January 22, 2016
Earlier this month a federal appeals court overturned the 2007 conviction of a veteran found guilty of violating the Stolen Valor Act for wearing several unearned military medals.
Many MOAA members have asked where we stand on the issue.
MOAA worked with Congress in 2006 to pass the original Stolen Valor Act. The legislation made it a federal misdemeanor to lie about receiving military awards and decorations.
In 2012, the Supreme Court heard a case to determine whether the law violated the First Amendment. MOAA, along with over 20 other military and veterans service organizations, filed a petition with the court on the constitutionality of the law. MOAA believed this was “a case about theft, not freedom of expression.”
Despite MOAA's and others' efforts, the Supreme Court struck down the law as unconstitutional in a 6-3 decision. While such lies are reprehensible, the court ruled, they are protected speech under the Constitution.
In response to the decision, MOAA worked with Rep. Joe Heck (R-Nev.), now chair of the House Armed Services Military Personnel Subcommittee, to sponsor an updated version of the Stolen Valor Act. Senators Jon Tester (D-Mont.) and Dean Heller (R-Nev.) led the effort in the Senate.
The revised and more narrowly constructed legislation made it a crime to gain money, property, or other tangible benefits by fraudulently claiming to have received military awards or decorations.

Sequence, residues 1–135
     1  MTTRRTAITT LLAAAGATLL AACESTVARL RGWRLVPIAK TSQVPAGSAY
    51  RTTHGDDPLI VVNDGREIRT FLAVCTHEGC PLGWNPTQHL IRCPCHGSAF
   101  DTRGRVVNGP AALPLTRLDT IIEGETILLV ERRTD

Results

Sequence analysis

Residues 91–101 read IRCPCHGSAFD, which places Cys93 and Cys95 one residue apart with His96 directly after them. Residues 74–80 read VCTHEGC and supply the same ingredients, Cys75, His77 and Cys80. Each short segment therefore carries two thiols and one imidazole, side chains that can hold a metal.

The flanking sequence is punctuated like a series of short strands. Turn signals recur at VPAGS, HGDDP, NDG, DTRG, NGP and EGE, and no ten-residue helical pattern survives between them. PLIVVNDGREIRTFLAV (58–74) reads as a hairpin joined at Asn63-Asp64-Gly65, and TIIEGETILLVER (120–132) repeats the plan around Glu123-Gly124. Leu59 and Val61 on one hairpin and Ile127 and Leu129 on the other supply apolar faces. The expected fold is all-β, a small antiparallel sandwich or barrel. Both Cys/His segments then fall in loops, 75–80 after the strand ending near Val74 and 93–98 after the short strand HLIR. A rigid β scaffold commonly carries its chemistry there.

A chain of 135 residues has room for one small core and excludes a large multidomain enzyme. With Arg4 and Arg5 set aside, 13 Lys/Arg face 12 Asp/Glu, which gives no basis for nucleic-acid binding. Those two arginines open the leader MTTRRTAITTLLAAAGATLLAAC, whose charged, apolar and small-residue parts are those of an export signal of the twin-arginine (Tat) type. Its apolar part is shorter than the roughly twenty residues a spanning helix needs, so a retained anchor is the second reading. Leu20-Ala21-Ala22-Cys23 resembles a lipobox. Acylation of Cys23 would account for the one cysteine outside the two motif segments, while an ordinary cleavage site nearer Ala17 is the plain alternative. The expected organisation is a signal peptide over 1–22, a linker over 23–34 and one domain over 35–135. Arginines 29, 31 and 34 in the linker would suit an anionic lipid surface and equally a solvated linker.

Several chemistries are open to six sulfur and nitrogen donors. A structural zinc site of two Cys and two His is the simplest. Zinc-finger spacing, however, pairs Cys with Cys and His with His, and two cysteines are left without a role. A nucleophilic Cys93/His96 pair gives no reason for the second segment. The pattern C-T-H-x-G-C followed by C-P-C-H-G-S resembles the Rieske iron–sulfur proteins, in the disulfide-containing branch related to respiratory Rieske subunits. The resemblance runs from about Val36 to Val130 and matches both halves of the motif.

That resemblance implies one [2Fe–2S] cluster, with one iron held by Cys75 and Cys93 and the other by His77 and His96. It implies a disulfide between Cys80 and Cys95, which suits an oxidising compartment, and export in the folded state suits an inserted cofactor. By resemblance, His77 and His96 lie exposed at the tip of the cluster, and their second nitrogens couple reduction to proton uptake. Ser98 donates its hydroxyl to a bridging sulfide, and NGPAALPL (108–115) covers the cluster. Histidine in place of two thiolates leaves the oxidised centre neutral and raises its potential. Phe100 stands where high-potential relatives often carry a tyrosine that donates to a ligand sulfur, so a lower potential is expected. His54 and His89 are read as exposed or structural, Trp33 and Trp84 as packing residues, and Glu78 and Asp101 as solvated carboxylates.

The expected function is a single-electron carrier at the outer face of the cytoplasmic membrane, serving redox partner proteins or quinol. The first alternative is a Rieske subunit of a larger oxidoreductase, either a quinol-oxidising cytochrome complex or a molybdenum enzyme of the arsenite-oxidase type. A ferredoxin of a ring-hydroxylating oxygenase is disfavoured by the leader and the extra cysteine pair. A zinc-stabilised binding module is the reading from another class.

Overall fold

MOAA felt the updated legislative language struck the proper balance between preventing unscrupulous gain from false statements while protecting the individual freedoms that generations of uniformed servicemembers have fought to preserve.
“By barring any profit from such misrepresentation, rather than criminalizing the false statement itself, the new legislation avoided the First Amendment problems cited in the Supreme Court's decision,” said MOAA's Director of Government Relations, Col. Steve Strobridge, USAF (Ret).
Congress quickly passed the legislation, and President Obama signed it into law in 2013. This version of the Stolen Valor Act is still valid.
In the recent court case, the individual's original conviction was based on the 2006 law that has since been repealed and modified, so the federal court had no choice but to overturn the conviction.
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